EU Governance and EU level Organised Civil Society:Is ‘input legitimacy’ through elite groups a lost cause, and are group oriented attempts at input legitimacy Pareto efficient with output legitimacy? Justin Greenwood
White Paper on Governance (WPG) • Addressed to both input and output legitimacy • input legitimacy is structurally difficult, some prescribe concentrating on output legitimacy • WPG pursuit of input legitimacy via elite groups as a second best avenue – or a hopeless case? • Will pursuit of input legitimacy with groups be Pareto efficient with output legitimacy?
The structural difficulties of EU input legitimacy i.e., the absence of: adversarial party politics elections which seem to make a difference EU wide political parties EU wide media an intelligible decision making system
Features of EU Interest Representation EUhighly suited to interest group politics natural constituency for Commission 1500 groups across civil society – but almost none represent individuals highly elite and institutionalised but very open to outsiders – near overload? no one interest can routinely dominate business collective action issues well placed citizen groups
The Citizen ‘Policy Frame’ Post White Paper Governance agenda a part shift in emphasis from output to input legitimacy: Open consultations Extended Impact Assessments Demonstrate responses to consultations – a voluntary shift of accountability at risk of output legitimacy?
The White Paper...more participation for more accountability “civil society organisations need to tighten up their internal structures, furnish guarantees of openness and representativity, and to prove their capacity to relay information or lead debates in their member states”(p.17).
“Although it would be misleading to argue that all NGOs fail to demonstrate any such capacity, necessary structures to allow NGOs an EU socialisation function, such as the existence of methods of internal decision making which allow supporter input into NGO EU strategy, are in general conspicuous by their absence. So too are mechanisms by which NGO supporters or members can hold these organisations to account, or make an input into their decision-making” (Warleigh, 2003, p.118)
“while ideally it would be good to get people involved, time pressures mean that the most effective use of my time is to get on with advocacy. In the end my role is not to encourage the most participatory governance, but to ensure the best results for the environment” (in Sudbery, 2003, p.90)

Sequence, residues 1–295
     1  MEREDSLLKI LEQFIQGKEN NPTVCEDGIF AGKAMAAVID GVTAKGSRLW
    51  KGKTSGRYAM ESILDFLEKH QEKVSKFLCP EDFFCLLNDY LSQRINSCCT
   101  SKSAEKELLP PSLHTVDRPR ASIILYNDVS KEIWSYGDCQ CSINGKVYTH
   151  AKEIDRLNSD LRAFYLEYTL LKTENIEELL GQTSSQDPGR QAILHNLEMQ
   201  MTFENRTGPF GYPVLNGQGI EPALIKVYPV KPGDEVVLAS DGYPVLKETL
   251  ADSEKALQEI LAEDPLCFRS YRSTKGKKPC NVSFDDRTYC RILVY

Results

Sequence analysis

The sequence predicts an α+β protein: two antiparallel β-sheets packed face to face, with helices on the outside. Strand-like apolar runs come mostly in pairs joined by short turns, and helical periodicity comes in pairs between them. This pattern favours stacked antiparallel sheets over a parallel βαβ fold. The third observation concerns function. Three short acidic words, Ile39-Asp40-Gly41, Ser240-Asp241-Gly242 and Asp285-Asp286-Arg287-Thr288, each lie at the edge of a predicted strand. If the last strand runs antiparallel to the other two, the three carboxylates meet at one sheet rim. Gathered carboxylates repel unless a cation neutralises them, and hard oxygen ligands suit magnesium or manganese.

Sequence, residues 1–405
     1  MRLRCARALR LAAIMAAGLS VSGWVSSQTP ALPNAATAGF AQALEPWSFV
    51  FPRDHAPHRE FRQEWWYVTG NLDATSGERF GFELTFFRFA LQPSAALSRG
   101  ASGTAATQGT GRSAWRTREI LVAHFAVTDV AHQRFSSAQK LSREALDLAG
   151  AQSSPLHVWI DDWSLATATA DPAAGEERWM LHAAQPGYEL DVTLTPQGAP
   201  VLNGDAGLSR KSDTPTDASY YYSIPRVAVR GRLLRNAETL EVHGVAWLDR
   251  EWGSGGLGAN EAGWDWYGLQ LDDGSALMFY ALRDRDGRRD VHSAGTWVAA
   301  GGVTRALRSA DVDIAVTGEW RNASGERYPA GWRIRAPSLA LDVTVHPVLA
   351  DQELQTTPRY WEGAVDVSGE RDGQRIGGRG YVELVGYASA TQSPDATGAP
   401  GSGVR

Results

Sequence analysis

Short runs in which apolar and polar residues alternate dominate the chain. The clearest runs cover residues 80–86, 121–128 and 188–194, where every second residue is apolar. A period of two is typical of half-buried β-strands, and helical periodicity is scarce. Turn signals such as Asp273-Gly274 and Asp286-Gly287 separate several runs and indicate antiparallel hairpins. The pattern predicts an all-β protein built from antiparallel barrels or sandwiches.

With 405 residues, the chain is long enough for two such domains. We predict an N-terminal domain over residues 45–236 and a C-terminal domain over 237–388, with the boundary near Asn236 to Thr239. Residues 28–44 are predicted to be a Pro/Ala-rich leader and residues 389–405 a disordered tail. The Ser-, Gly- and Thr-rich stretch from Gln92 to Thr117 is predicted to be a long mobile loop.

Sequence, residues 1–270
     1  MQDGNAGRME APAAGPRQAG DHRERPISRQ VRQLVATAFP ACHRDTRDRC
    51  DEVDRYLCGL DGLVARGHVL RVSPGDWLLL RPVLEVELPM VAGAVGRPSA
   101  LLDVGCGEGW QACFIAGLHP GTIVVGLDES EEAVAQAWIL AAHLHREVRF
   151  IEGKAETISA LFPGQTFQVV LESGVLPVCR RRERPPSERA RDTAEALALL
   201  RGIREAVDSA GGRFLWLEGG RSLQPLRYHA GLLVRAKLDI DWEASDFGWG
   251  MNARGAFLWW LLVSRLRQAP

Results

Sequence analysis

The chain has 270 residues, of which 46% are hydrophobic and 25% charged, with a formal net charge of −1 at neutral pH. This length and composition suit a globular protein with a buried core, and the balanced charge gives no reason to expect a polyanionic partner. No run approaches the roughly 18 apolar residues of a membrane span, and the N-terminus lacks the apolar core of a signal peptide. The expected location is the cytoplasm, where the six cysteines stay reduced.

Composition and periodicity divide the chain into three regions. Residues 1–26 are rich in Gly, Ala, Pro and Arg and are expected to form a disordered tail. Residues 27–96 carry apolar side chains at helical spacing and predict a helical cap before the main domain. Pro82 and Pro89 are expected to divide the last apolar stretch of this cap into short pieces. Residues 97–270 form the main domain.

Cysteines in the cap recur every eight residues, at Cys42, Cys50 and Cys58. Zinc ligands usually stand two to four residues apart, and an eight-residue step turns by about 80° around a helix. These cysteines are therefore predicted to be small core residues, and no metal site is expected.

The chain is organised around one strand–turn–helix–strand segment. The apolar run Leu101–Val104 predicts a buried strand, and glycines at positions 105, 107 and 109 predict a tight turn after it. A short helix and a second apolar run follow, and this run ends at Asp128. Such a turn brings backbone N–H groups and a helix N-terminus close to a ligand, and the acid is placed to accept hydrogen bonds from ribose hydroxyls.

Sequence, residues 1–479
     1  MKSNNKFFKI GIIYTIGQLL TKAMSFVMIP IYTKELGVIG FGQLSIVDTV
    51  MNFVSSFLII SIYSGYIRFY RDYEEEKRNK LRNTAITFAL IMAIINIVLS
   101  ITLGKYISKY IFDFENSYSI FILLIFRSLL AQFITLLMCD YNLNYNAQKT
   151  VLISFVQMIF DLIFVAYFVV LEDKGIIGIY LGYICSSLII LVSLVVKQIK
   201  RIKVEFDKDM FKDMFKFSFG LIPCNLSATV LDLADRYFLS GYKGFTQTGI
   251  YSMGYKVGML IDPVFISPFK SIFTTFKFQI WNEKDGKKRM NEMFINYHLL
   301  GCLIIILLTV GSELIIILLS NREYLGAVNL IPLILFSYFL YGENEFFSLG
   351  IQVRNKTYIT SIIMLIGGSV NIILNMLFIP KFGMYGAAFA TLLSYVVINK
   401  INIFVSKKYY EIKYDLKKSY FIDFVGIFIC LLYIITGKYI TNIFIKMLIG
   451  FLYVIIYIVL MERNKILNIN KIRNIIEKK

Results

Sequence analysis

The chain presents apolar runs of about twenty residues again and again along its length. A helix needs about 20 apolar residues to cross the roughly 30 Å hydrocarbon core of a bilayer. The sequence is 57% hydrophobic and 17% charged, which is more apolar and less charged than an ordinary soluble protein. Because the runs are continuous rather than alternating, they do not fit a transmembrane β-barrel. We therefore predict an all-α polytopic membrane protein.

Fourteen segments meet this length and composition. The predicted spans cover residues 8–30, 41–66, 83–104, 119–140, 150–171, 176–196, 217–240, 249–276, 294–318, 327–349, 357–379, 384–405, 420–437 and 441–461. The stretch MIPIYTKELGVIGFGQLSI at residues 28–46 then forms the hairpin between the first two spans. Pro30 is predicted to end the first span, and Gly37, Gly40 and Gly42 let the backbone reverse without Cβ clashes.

“NGOs will be unable to act as agents of civil society Europeanisation unless they are internally democratic and willing and able to act as agents of political socialisation, with particular reference to EU decision making and policy…NGOs are as yet simply not ready to play this role, and...it cannot be assumed that their capacity to act in this way will be improved....their internal governance is far too elitist to allow supporters a role in shaping policies, campaigns and strategies....Moreover, most NGO supporters do not actually want to undertake such a role...NGOs are no ‘magic bullet’ which will automatically hit the target of political socialisation” (Warleigh, 2001, p.635).
The CONECCSinitiative a new database of interest groups on Europa. Inclusion is contingent on confirming that the interest group is formally constituted, EU wide, active, with expertise, and prepared to provide information about itself. There are further compulsory questions about group establishment, objectives, and post-holders, and for those involved in EU consultative bodies, about sources of finance and details of members
CONECCS – the start of de facto accreditation? Traditional Commission line – accreditation & regulation would cut off its lifeline CONECCS system has no checks on entry, Commission limited capacity to do so input overload beginning to damage output legitimacy – regulation likely to develop civil society groups are for, not of, a cause Economic & Social Committee well placed, if only...
Economic & Social Committee criteria • exist permanently at Community level • provide direct access to its members’ expertise & rapid/constructive consultation • represent general concerns that tally with the interest of European society • comprise bodies that are recognised at MS level as representatives of particular interests • have member orgs in most of the MS • provide for accountability for its members • have authority to represent/act at EU level • be independent & mandatory, not bound by instructions from outside bodies • be transparent, esp. financially & in its decision making structures(Opinion on WPG, 20.3.2002)
Conclusions input legitimacy based upon elite groups limited in compensating for structural deficiencies even WPG team see real focus as output efficiency - ‘bringing in the citizen is for speeches & rhetoric’ – ‘more participation for more accountability’ a challenge for some depth & breadth of Commission/Civil Society relationship impressive attempts to find input legitimacy via groups etc may interfere with output legitimacy and lead to regulation